The question of time and money becomes even more urgent in an expensive, capitalist city like Toronto. Like London, the struggle to pay rent, buy food – to survive – feels far more urgent than it did in Berlin. When my minimum income doesn’t cover my expenses, I easily stress out. Having low self-esteem when it comes to employment, I spend a lot of time panicking and very little applying to jobs. I feel like I deserve a good job and fair pay, yet find it hard to believe anyone in the media industry will ever see that potential in me unless I sell myself very aggressively. I put a lot of pressure on myself to work hard, which results in me freaking out and running away from my desires and responsibilities – in short, from myself.
I don’t like selling my skills. I do believe that I have a lot of talent, yet my experience in the middle-class world of media has scarred me. Afraid that employers will be scared off by my politics, I undermine myself at the same time as believing I am better than everyone else. It’s this toxic mixture of arrogance and insecurity that leads to a feeling of hopelessness.
In situations like these, where I feel the pressure of survival, being present becomes my most important task. And because of this immense pressure I put on myself, it is also the thing I find hardest to allow myself to do.
When I moved to Berlin in 2010 I was extremely depressed. I was suicidal, on-and-off, that whole year and leaving London felt like my only chance of escape. In London, I felt no opportunity to get better, to carve out a life for myself. Between the 2 rush hours it took me to get to work everyday, the expense of rent and transportation, and no time and money left over to do anything fun, I felt there was no space for me. London invaded all of me. I was lost in an unfriendly sea.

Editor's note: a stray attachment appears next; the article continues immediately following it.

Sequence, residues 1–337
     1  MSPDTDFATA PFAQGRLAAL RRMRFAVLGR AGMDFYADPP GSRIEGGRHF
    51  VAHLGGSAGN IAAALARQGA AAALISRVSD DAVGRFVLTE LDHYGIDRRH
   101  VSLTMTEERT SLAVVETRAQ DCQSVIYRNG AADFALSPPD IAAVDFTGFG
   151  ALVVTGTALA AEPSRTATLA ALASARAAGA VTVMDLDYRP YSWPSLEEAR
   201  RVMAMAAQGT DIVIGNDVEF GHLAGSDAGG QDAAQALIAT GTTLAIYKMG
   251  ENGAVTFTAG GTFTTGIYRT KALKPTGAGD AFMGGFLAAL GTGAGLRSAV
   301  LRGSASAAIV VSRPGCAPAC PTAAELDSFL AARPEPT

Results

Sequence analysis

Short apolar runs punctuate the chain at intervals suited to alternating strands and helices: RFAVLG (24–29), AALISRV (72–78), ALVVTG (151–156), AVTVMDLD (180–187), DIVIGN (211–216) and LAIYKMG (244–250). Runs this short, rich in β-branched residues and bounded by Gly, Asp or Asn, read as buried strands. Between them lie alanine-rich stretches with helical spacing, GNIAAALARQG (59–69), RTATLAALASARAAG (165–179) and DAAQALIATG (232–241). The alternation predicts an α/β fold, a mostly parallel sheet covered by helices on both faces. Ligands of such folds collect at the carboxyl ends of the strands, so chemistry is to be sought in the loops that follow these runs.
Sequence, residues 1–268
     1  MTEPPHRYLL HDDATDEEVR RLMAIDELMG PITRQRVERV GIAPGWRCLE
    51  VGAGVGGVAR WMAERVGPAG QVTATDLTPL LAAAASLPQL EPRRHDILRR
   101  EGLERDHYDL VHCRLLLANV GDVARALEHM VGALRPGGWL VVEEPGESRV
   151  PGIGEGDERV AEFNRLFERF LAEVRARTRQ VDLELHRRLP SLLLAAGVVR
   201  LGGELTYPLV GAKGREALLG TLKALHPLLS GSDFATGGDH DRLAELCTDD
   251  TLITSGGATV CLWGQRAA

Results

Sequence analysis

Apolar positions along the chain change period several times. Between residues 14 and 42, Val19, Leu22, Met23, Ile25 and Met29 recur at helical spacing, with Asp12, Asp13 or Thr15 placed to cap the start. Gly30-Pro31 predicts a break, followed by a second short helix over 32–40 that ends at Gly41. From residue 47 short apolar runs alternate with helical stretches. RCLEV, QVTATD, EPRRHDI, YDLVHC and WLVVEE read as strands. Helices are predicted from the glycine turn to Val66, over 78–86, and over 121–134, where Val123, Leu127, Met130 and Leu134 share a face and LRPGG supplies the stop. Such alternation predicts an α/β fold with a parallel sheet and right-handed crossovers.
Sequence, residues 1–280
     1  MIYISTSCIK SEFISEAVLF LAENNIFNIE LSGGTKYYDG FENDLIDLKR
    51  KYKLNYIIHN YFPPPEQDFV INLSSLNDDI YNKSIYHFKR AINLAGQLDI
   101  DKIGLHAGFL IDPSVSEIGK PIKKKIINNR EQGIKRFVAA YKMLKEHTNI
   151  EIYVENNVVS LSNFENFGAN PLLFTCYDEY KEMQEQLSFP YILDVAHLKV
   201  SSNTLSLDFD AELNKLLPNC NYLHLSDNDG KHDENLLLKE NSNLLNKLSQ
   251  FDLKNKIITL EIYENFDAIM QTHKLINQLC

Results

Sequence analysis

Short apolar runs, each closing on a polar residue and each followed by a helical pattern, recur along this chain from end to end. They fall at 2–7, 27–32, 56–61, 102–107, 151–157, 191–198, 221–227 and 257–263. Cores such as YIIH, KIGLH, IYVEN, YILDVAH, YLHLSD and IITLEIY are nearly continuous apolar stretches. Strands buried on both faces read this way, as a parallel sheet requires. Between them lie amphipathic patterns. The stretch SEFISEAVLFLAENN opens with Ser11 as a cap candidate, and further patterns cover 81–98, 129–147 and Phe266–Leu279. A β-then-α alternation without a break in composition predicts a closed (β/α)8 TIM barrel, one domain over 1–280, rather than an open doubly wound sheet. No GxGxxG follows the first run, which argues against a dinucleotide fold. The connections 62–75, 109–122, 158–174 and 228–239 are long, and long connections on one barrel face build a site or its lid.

Berlin was never enticing for itself. Berlin was appealing because it was an escape. It was the place I learnt some essential survival techniques and finally began to confront myself.
In Berlin, I learnt that time spent by myself – in silence, nature and adventuring – is the most self-loving, scary and productive gift I can give myself. I learnt that I am infinitely creative – I love drawing, dancing, singing, photography – and I enjoy exploring that. I also learnt that I am, above all, committed to the art of writing. Writing is where I can truly realise my potential. Writing is where I belong.
Two years ago, I followed The Artist’s Way by Julia Cameron and started writing every morning for half an hour. This stream of consciousness helps me vent and gain perspective for the day. I also learnt the self-love that comes from taking myself on a date once a week. These two tools finally allowed me to start writing on a regular basis, for the first time in my life. It also led me to create a successful blog, zine and write controversial articles for online magazines. Heck, I even wrote some poetry!
Now, living in Toronto, I am once again resisting the revelations (revolution!) that come from using these self-love skills. I use dating and unemployment as an excuse for spending my days freaking out over nothing in particular, rather than engaging in the daily drudge and acute concentration that would actually lead me somewhere – to write, send articles out, submit job applications.
I am wary of making commitments to stop or start doing something forever. If I promise myself I will never binge eat again, the next time I do, I’ll just beat myself up even more. I really don’t need any more self-loathing in my life. So, for now, I’m not going to say I’m going to write my morning pages every day and do my artist’s date once a week. I’m not going to say I’m going to work on my creative writing for 2 hours every morning, or post on this blog once a week. Because I know that if I don’t keep that promise to myself, I’ll end up hating and blocking myself even more. Sometimes self-care is just letting myself be.